Charles Olson and Henry Murray: Projective Verse and the Projective Test

Lucy Burns is a PhD candidate in English and American Studies at the University of Manchester. Her thesis is on Black Mountain College and postwar American poetry, with a focus on the relationship between poetry and psychology, and the development of the creative writing program. She is an assistant editor at the Manchester Review, the online journal from the Centre for New Writing at the University of Manchester. Lucy was awarded a Strochlitz Travel Grant to further her PhD research in the Charles Olson Research Collection in Archives and Special Collections.

 In May I was fortunate enough to spend a week with the Charles Olson Research Collection at Archives and Special Collections in the Thomas J. Dodd Center, principally examining the unpublished correspondence between Charles Olson and Henry Murray. This seemingly unlikely link between Olson, the larger-than-life poet turned pedagogue and rector of experimental arts college at Black Mountain – and Murray, a personality psychologist and director of the Harvard Psychological Clinic – is the focus of my current research, through their concurrent work on projection and the projective: Olson’s “Projective Verse,” a poetics essay published in 1950, and Murray’s projective psychological test, the Thematic Apperception Test (TAT).

This link between Olson and Murray has previously been neglected: Tom Clark’s biography of Olson brackets Murray’s influence to his Harvard years when Olson was a PhD candidate on the new American Civilization program [1], while Olson scholarship tends to reference Murray in terms of their shared interest in Herman Melville (Olson’s study, Call Me Ishmael was published in 1947, while Murray’s introduction to Melville’s Pierre; or, The Ambiguities was published in 1949). Forrest G. Robinson’s excellent biography of Murray also gives very little space to Olson, and figures their relationship as a practical and limited one. [2] Even George F. Butterick, the first curator of the Charles Olson Research Collection, long-time editor of Olson’s work, and author of the definitive Guide to the Maximus Poems of Charles Olson, dismisses any significance in Murray and Olson’s concurrent uses of projection and the projective:

“Not insignificantly, it [the Thematic Apperception Test] is also known as a “projective” test although Olson experienced it after his well known “Projective Verse” essay was already in press, so there probably was no connection.” [3]

My research considers not only the extent to which the relationship between Olson and Murray’s work has been overlooked, but the ways in which a link between projective verse and the projective test may provide new ways to read both Olson’s writings and his interdisciplinary curriculum at Black Mountain College. This current work on the Olson-Murray correspondence thus forms part of my wider research into the shared networks of American poetry and psychology, and, building on Mark McGurl’s work on the postwar fiction program, how these networks may have informed or shaped the postwar poetry program. [4]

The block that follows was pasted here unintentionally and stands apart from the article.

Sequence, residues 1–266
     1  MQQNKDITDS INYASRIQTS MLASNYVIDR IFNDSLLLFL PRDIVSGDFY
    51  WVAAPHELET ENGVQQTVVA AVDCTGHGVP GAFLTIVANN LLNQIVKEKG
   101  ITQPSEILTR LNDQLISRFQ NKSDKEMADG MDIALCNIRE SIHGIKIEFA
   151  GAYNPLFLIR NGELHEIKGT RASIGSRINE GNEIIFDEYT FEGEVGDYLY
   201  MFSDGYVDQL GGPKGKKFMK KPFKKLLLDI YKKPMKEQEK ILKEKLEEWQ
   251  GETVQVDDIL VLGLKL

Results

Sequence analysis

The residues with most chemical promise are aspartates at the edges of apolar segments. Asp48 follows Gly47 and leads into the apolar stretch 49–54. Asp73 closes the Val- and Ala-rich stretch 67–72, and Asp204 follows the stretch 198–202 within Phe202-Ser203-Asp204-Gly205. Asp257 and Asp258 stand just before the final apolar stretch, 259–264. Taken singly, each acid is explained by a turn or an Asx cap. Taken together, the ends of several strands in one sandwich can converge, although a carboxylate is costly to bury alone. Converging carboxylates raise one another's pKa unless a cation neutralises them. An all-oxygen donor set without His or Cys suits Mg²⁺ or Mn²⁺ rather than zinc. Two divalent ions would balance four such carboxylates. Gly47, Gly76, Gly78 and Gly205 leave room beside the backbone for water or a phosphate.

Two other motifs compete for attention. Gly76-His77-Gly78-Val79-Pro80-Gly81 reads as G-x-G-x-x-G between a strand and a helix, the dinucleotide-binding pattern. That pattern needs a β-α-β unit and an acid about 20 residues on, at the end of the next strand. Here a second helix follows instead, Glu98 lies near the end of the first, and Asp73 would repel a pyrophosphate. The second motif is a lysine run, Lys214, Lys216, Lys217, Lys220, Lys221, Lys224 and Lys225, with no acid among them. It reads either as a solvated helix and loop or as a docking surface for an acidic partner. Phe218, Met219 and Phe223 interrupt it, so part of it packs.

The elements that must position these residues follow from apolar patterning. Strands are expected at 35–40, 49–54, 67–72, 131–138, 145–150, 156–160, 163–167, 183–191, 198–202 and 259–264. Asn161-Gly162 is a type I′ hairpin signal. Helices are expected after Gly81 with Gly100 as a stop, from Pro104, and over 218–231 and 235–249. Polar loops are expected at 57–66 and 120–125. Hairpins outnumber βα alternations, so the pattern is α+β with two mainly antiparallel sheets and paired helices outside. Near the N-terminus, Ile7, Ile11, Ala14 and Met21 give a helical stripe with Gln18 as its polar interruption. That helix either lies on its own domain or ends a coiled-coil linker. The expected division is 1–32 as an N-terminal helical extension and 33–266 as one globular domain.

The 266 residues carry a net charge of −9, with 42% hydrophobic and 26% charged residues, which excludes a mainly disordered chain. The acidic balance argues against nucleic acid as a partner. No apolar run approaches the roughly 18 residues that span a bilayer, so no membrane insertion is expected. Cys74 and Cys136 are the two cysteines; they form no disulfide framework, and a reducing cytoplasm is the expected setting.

Sixty-eight letters survive from Murray and Olson’s near twenty-year correspondence; fifty-nine of these are held at the Thomas J. Dodd Research Center, while the Henry Murray Papers at Harvard University Archives holds nine. The correspondence spans several key events in both men’s lives: Olson’s departure from Cambridge and the PhD program, his Guggenheim Fellowship, and his move to Black Mountain College; the end of Murray’s directorship at the Harvard Psychological Clinic and the start of his work for the Office of Strategic Services, and the publication of his first study to make use of the TAT, Explorations in Personality. It appears that Murray financially supported Olson’s family during the late 1940s, until Olson was invited to teach literature and writing at Black Mountain College in 1948. Olson hurriedly wrote to Murray an hour before they were due to leave for North Carolina with news of the appointment, writing that Murray’s support was a “talisman” that had “enabled us to start back to life.” [5] In 1953 Olson accepted the rectorship of the college until its closure in 1956, and this time not only marks a period of manic productivity for Olson, but a new period in the life of Black Mountain College. [6] Olson and Murray’s most frequent exchanges are during the first two years of Olson’s appointment at the college: Olson often sent Murray poems and essays that he was working on, and they exchanged letters on a number of potential collaborations bringing together their experience. Though these projects were never fully realized or completed, they continued to occupy Olson well into the 1950s and after the college’s closure. I hope to continue working on these proposed collaborations and their link to Olson’s poetry and poetics in my thesis.

By the end of 1950 Olson had written the first two “letters” of his near three-hundred poems sequence, The Maximus Poems, and published his most influential work, “Projective Verse,” in Poetry New York magazine which he eagerly sent to Murray. [7] The essay called for a new, kinetic poetics modeled on “the breathing of the man who writes” in accordance with the three principles of composition by field: first, the “kinetics,” that “the poem must, at all points, be a high-energy construct and, at all points, an energy-discharge”; second, the “law,” that “FORM IS NEVER MORE THAN AN EXTENSION OF CONTENT,” and third, the “process,” that “ONE PERCEPTION MUST IMMEDIATELY AND DIRECTLY LEAD TO A FURTHER PERCEPTION.” [8]